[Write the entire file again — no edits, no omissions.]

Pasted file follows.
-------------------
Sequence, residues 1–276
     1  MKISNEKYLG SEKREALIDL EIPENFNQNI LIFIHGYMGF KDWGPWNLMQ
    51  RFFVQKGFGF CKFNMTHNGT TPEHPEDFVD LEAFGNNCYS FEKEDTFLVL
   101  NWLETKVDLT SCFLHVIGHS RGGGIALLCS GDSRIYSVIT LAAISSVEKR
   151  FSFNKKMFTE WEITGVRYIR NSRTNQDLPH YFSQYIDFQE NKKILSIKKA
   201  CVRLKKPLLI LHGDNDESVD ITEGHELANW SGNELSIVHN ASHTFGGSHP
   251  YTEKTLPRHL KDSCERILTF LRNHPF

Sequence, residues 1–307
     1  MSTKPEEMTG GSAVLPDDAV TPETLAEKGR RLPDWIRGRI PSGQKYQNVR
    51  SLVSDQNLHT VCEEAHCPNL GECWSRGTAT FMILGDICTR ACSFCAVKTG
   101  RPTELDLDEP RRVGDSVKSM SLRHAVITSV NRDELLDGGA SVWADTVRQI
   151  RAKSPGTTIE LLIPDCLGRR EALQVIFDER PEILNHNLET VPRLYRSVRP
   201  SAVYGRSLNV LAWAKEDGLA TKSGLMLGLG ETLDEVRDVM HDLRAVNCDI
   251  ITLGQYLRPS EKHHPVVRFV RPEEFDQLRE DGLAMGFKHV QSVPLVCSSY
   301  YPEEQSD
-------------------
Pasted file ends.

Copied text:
Sequence, residues 1–276
     1  MKISNEKYLG SEKREALIDL EIPENFNQNI LIFIHGYMGF KDWGPWNLMQ
    51  RFFVQKGFGF CKFNMTHNGT TPEHPEDFVD LEAFGNNCYS FEKEDTFLVL
   101  NWLETKVDLT SCFLHVIGHS RGGGIALLCS GDSRIYSVIT LAAISSVEKR
   151  FSFNKKMFTE WEITGVRYIR NSRTNQDLPH YFSQYIDFQE NKKILSIKKA
   201  CVRLKKPLLI LHGDNDESVD ITEGHELANW SGNELSIVHN ASHTFGGSHP
   251  YTEKTLPRHL KDSCERILTF LRNHPF

Sequence, residues 1–307
     1  MSTKPEEMTG GSAVLPDDAV TPETLAEKGR RLPDWIRGRI PSGQKYQNVR
    51  SLVSDQNLHT VCEEAHCPNL GECWSRGTAT FMILGDICTR ACSFCAVKTG
   101  RPTELDLDEP RRVGDSVKSM SLRHAVITSV NRDELLDGGA SVWADTVRQI
   151  RAKSPGTTIE LLIPDCLGRR EALQVIFDER PEILNHNLET VPRLYRSVRP
   201  SAVYGRSLNV LAWAKEDGLA TKSGLMLGLG ETLDEVRDVM HDLRAVNCDI
   251  ITLGQYLRPS EKHHPVVRFV RPEEFDQLRE DGLAMGFKHV QSVPLVCSSY
   301  YPEEQSD